Luke 15:4 (KJV) 4 What man of you, having an hundred sheep, if he lose one of them, doth not leave the ninety and nine in the wilderness, and go after that which is lost, until he find it?
Even though one seems to be insignificant and unnoticeable in the company of a hundred, this isn’t the case when it comes to sheep – at least those referred to in the story. To the shepherd, each sheep is of very high value. That’s the reason why he knows the number of the sheep to the detail. He knows when one is lost – even only one. And one lost sheep is enough reason for the shepherd to do an all-out search – and an unceasing search that will only find satisfaction when the lost sheep is finally found.
Every soul is valuable before God. It’s often been stated that if we we’re the only person on earth, God would have still sent His Son to die on the cross just to save us. There sadly are lost souls. Sadder still: there will be souls lost for eternity. But not because the Great Shepherd lacked to show sufficient care and action; He has shown us that He was willing to go to great lengths and spare no expense for our salvation. He went all-out, crossing the borders of the eternal and gave us the “Darling of heaven” – the greatest Treasure we can find in heaven and on earth and anywhere else – His Son. Every one of us is that important to Him. Let us see others, and ourselves the same way and do nothing less than our best in going after those who are lost.
Precious Father, thank you for valuing each of us as much as you do. May we see each other the same way. May we also humbly and gratefully value You for Who You are. In Jesus’ Name, amen.
Luke 13:1-3 (KJV) There were present at that season some that told him of the Galilaeans, whose blood Pilate had mingled with their sacrifices. 2 And Jesus answering said unto them, Suppose ye that these Galilaeans were sinners above all the Galilaeans, because they suffered such things? 3 I tell you, Nay: but, except ye repent, ye shall all likewise perish.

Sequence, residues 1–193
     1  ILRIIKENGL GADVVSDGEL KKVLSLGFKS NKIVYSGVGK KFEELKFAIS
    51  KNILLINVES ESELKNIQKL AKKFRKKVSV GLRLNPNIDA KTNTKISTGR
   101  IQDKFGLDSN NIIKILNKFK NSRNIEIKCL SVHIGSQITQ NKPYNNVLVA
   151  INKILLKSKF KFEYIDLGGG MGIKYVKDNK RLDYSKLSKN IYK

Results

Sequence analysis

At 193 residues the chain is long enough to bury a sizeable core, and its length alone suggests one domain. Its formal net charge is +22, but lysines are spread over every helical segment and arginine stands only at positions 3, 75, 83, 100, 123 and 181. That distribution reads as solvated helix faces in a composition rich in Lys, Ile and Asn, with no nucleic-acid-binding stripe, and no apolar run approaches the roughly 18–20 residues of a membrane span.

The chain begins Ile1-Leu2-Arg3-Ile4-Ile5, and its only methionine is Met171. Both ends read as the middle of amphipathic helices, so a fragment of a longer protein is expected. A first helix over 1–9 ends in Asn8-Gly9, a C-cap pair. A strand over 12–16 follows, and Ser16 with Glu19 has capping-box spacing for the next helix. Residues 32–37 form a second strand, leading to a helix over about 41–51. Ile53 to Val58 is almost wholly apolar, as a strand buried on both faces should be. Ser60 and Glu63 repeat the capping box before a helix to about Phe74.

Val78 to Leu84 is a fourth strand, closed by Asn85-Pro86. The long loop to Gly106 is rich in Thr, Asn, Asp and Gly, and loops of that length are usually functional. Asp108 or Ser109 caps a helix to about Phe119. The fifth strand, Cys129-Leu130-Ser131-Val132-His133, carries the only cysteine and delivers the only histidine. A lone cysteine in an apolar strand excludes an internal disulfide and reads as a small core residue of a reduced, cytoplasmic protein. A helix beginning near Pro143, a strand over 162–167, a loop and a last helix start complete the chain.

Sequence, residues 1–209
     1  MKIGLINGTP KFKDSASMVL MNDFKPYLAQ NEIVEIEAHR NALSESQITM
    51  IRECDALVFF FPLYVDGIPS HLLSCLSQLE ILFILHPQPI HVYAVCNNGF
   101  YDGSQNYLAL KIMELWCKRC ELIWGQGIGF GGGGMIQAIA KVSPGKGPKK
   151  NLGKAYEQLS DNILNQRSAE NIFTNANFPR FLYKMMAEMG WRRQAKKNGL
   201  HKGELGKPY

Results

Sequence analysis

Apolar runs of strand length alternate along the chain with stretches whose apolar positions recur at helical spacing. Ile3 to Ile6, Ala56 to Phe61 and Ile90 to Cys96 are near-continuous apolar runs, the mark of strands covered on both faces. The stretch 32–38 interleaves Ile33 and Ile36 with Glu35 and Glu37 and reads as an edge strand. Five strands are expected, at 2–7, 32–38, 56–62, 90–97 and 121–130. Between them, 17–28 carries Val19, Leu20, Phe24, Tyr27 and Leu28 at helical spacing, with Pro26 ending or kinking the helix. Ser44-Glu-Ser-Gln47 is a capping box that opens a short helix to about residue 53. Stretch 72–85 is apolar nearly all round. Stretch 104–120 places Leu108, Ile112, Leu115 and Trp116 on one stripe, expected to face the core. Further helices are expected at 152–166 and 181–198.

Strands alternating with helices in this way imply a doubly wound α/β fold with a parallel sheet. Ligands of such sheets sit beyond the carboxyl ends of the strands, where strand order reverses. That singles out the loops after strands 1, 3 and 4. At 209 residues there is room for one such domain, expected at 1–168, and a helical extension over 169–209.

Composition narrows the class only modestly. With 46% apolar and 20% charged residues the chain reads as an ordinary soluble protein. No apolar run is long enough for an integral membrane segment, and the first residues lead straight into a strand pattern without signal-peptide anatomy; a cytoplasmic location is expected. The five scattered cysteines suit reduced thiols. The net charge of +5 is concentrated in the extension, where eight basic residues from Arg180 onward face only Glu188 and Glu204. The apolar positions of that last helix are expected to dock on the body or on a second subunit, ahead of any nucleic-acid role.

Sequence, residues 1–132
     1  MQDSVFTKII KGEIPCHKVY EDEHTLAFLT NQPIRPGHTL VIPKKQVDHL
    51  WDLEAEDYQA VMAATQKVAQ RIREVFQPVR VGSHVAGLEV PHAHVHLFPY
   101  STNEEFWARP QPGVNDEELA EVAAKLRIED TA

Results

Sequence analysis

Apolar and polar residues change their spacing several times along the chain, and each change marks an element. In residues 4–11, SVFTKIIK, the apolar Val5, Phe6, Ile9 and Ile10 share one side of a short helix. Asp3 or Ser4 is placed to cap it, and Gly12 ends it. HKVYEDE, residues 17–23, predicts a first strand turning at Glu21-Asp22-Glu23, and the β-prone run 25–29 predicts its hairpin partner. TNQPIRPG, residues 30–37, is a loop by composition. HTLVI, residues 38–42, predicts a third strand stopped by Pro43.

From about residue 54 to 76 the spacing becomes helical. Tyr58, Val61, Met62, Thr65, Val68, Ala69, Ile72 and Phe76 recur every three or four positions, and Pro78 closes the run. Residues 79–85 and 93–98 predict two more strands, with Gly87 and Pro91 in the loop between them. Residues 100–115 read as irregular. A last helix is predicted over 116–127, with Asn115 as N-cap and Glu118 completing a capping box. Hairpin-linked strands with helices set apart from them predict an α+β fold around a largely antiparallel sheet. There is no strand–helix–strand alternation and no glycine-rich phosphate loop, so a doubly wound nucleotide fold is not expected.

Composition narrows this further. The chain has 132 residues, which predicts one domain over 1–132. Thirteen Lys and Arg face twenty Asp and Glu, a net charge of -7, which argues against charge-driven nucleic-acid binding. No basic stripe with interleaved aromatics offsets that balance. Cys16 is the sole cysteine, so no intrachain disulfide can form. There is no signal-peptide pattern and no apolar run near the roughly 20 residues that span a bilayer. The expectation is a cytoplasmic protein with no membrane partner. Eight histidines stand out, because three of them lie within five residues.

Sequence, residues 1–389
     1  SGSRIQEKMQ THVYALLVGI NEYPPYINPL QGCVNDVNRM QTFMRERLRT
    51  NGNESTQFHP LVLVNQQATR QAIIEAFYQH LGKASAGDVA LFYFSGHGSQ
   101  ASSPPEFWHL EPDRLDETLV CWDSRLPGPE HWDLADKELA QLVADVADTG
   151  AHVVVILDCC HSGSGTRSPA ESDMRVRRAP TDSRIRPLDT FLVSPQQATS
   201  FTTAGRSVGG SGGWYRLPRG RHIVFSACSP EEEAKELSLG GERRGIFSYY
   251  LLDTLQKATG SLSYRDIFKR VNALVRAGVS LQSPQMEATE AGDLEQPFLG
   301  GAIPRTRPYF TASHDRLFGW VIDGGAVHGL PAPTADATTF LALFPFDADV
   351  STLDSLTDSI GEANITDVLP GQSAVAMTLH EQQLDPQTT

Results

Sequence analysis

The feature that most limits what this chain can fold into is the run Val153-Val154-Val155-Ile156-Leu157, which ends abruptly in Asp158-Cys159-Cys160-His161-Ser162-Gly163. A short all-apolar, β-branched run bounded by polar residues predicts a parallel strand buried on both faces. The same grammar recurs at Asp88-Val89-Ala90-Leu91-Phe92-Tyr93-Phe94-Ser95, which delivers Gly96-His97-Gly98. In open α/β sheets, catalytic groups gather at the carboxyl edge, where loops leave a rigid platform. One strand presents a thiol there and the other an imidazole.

Certain Galileans suffered murder from the hands of Pilate while they were in the middle of their religious activity. The Galileans suffered; His audience obviously didn’t. Jesus found it imperative that He quickly clarified what may otherwise could have come to an erroneous conclusion, belief and doctrine. The suffering of the Galileans and the “non-suffering in the same way” of the audience was not a divine indicator of who was more sinful. It was not necessarily an insightful commentary of their varying spiritual conditions. But it’s worth noting: Jesus’ reference was not between sinners and a non-sinners; It was between sinners and greater sinners. Implication: the Galileans who suffered and those who didn’t were all sinners who will all perish unless repentance happens. With that He showed an indispensable essential act everyone has to undergo for any possibility of escape from perishing: repentance.
Suffering and tragedy hits everyone. Being accused wrongly, being betrayed, getting into accident, getting sick, losing a parent, losing a child, losing a friend, losing money, losing everything – these are experiences shared in all strata of society. Not everyone experiences every suffering and every tragedy, but anyone can and will experience sufferings and tragedies. Great sinners and not-so-great sinners all share in human experiences – good and bad. Apostle Paul and Fuhrer Hitler both suffered – both died. Both of them sinned. Paul described himself as the chief of all sinners; Hitler is a generally accepted figure of great sinfulness. Both of them could have perished and suffered eternal destruction. We know for sure that the self-confessed chief of all sinners repented, thus was saved and became one of the greatest Apostles of the Lord Jesus Christ. We don’t know of the Fuhrer. Perish or not, it’s not because he was a sinner above all humans or not, it was dependent totally on whether he repented or not. Let me quickly add: if He believed (fully trusted and depended in) Jesus as his Savior Who was able to forgive him of all his sins if he repented from them. Whoever we are, no matter how highly or how lowly we’re esteemed in our sphere – natural or spiritual, we’ve all sinned. Unless we abnormally want to perish, repentance is a must. Le’t humbly ask for forgiveness – turn away from our sins, and simultaneously turn to God.
Forgiving Father, thank you for the hope you’ve given us despite our sinfulness. We turn away from our sins. Thank You for being our Savior Who can and will forgive.